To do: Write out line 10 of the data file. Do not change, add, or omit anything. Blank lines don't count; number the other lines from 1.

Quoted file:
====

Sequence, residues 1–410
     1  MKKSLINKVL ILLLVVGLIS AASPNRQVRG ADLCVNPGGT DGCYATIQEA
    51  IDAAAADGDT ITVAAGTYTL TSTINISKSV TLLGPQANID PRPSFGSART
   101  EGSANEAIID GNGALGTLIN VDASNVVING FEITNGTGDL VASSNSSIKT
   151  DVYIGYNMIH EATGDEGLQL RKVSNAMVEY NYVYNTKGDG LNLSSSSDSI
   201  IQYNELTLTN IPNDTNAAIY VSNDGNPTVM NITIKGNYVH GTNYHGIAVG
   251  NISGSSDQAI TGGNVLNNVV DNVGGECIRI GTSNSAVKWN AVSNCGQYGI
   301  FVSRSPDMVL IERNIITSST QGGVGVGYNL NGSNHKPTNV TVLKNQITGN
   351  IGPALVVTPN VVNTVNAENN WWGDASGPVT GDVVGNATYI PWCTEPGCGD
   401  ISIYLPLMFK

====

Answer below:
   401  ISIYLPLMFK